Burma National Army


Burma National Army

The Burma National Army served as the armed forces of the Burmese government created by the Japanese during World War II and fought in the Burma Campaign. It was originally organised by, and fought alongside the Imperial Japanese Army, but later changed sides and fought alongside the Allies.

Formation

After the opening of the Burma Road in 1940, Japanese military interest in South-East Asia increased. It increased because the British were covertly and overtly providing military assistance, including supplies and training, to the Chinese whom Japan was fighting. Colonel Suzuki Keiji, a staff officer at the Imperial General HQ in Japan was given the task of devising a strategy for dealing with Southeast Asia. He produced a plan in 1940 for clandestine operations in Burma, which was then a British colony. The Japanese knew little about Burma at the time and had few contacts within the country. The top Japanese agent in the country was Naval Reservist Kokubu Shozo, who had been resident there for several years and had contacts with most of the anti-British political groups. Suzuki visited Burma secretly in September 1940 meeting with political leaders Thakin Kodaw Hmaing and Thakin Mya. The Japanese later made contact with a Burmese student activist in China named Aung San. Aung San had left Burma in 1940 and had entered China in an attempt to make contact with communists in the country. He reached Amoy, where he was detained by Suzuki.

Suzuki and Aung San flew to Tokyo. After discussions at Imperial General HQ, it was decided to form an organisation named Minami Kikan, which was to support Burmese resistance groups and to close the Burma Road to China. In pursuing those goals, it would recruit potential independence fighters in Burma and train them in Thailand or Japanese-occupied China. Aung San and the first "Thirty Comrades" were trained on Hainan Island. Another early recruit was Bo Ne Win. Thakin Tun Oke was selected to be a political administrator and organizer when the group entered Burma. Suzuki assumed the Burman name, "Bo Mo Gyo" for his work with Minami Kikan.

Actions of the Burma Independence Army

On December 7 1941, the Japanese entered the war by attacking the United States and Britain. On December 28, at a ceremony in Bangkok, the Minami Kikan was declared dissolved and the Burma Independence Army formed in its place. The BIA, numbering initially 227 Burmese and 74 Japanese, formed several small units which would participate in the invasion of Burma in January 1942. These units were initially tasked to act as intelligence-gatherers, saboteurs and foragers, but quickly took on other tasks and on occasions fought direct battles against British forces. They fought with determination during the invasion and constantly recruited new soldiers.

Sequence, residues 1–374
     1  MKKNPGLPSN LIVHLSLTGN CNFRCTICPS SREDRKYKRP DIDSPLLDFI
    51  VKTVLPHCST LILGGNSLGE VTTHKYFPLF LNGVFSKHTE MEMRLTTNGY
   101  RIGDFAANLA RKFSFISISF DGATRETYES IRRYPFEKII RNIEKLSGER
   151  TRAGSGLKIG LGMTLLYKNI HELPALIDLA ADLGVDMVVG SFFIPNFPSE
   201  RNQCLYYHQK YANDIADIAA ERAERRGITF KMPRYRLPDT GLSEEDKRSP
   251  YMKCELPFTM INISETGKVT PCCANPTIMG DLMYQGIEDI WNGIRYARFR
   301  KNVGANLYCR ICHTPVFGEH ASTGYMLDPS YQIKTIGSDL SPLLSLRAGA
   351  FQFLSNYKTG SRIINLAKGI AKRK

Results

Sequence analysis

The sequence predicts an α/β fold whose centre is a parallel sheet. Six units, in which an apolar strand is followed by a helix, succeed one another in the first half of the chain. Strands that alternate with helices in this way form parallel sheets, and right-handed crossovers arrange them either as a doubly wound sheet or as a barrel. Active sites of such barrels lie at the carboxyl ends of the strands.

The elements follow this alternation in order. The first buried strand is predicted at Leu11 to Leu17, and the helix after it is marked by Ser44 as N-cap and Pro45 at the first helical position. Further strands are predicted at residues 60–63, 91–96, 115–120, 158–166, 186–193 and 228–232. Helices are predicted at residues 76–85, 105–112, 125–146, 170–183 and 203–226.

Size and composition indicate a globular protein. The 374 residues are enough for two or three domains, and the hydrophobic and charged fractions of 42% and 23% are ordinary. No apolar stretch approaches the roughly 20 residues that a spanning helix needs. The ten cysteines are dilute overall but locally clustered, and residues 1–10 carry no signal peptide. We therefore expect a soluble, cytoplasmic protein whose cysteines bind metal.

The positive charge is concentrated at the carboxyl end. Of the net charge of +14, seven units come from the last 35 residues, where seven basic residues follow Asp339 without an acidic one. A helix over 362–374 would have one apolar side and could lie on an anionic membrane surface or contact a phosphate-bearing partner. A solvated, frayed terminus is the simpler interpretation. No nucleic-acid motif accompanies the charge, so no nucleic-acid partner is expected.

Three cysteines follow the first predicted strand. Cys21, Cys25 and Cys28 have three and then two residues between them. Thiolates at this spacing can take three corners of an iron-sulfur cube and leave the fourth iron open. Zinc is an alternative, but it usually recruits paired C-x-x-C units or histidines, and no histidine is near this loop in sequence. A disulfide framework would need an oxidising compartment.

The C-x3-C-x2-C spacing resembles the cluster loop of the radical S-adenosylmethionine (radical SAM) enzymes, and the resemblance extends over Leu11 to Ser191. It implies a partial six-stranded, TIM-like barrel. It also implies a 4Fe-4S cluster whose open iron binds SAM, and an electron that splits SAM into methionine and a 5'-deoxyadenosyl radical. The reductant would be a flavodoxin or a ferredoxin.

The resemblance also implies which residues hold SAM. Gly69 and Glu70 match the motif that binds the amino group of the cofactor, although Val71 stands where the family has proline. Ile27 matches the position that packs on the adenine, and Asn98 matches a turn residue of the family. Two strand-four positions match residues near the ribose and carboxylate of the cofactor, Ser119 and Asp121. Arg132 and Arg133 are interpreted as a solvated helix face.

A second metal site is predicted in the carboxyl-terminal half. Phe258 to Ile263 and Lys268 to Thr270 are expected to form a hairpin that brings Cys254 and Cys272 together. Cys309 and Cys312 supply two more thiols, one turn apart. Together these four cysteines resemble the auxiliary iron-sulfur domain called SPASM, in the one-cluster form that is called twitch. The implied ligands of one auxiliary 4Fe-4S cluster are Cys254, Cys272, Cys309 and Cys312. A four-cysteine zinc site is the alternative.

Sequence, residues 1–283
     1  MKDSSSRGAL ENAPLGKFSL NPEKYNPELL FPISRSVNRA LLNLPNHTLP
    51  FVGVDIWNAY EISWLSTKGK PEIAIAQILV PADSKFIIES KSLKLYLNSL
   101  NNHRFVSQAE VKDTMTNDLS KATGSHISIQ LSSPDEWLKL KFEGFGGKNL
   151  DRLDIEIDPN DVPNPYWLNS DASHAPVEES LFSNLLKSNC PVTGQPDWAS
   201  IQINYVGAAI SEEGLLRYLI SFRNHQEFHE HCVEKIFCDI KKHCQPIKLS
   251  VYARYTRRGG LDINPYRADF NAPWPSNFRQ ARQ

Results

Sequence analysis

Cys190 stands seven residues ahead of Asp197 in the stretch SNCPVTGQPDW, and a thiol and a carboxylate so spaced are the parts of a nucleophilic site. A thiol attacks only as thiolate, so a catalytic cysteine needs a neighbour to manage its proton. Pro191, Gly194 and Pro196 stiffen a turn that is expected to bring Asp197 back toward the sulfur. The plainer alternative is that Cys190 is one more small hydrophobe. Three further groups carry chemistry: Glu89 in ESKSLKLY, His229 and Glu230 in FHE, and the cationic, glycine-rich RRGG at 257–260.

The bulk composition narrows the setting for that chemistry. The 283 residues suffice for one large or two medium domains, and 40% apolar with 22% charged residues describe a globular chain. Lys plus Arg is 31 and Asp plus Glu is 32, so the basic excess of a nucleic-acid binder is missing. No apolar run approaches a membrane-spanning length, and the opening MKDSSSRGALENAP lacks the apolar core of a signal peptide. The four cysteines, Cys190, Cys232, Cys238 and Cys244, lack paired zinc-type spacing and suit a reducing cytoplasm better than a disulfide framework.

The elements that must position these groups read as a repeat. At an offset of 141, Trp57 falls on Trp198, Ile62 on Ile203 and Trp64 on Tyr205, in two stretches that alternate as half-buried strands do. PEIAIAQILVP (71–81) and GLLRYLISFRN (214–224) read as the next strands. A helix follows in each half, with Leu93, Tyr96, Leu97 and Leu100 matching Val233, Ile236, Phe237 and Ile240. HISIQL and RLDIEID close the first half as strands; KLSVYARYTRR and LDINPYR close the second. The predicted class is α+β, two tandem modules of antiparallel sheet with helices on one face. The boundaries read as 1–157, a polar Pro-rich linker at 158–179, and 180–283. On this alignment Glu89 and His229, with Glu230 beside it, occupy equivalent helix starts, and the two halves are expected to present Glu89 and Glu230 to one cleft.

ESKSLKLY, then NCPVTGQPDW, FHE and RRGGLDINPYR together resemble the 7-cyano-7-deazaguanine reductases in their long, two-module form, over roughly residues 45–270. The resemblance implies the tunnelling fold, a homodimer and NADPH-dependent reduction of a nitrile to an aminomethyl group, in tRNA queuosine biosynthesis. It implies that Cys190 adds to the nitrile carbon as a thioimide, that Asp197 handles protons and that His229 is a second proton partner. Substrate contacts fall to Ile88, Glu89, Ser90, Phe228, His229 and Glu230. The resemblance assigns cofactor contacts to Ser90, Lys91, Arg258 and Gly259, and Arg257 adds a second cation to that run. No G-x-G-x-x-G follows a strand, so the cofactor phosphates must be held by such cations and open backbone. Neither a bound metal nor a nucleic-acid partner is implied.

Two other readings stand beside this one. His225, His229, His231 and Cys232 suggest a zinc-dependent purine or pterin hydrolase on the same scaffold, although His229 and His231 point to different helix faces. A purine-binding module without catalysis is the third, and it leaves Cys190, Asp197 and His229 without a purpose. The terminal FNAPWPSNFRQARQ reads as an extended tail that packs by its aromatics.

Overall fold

With the fall of Rangoon on March 8, the BIA was rapidly expanded by an influx of Burman volunteers. Many of these "volunteers" were not officially recruited but rather individuals or gangs who took to calling themselves BIA to further their own activities. They continued to assist the Japanese in their campaign to drive the British from India. Some took to dacoitry (banditry) and were involved in attacks on minority populations (particularly the Karens) and preyed on Indian refugees. The worst atrocities against the Karens in the Irrawaddy Delta south of Rangoon cannot however be attributed to dacoits or unorganised recruits in that rather they were the actions of a subset of regular BIA and their Japanese officers. The top leadership of the BIA did eventually stop the actions against the Karens in the delta.

Disputes between the BIA and the Japanese military police, the kempeitai were not related to the BIA's excesses against civilians. The disputes were rather over the BIA's attempts to form local governments in various towns in Burma and the intention of the Japanese to form an administration on its own terms. The first such dispute had been over the administration of Moulmein. The Japanese 55th Division had flatly refused Burmese requests to form an administration in the town and had further disallowed the BIA from even entering the town.

Establishment of the Burma National Army

After operations ceased in the spring of 1942, the BIA was disbanded. It its place, the Japanese created the Burma Defence Army along with civil organisations designed to guide Burma toward nominal independence. A new force of 3,000 men were recruited and trained by Japanese instructors as regular army battalions during the second half of 1942.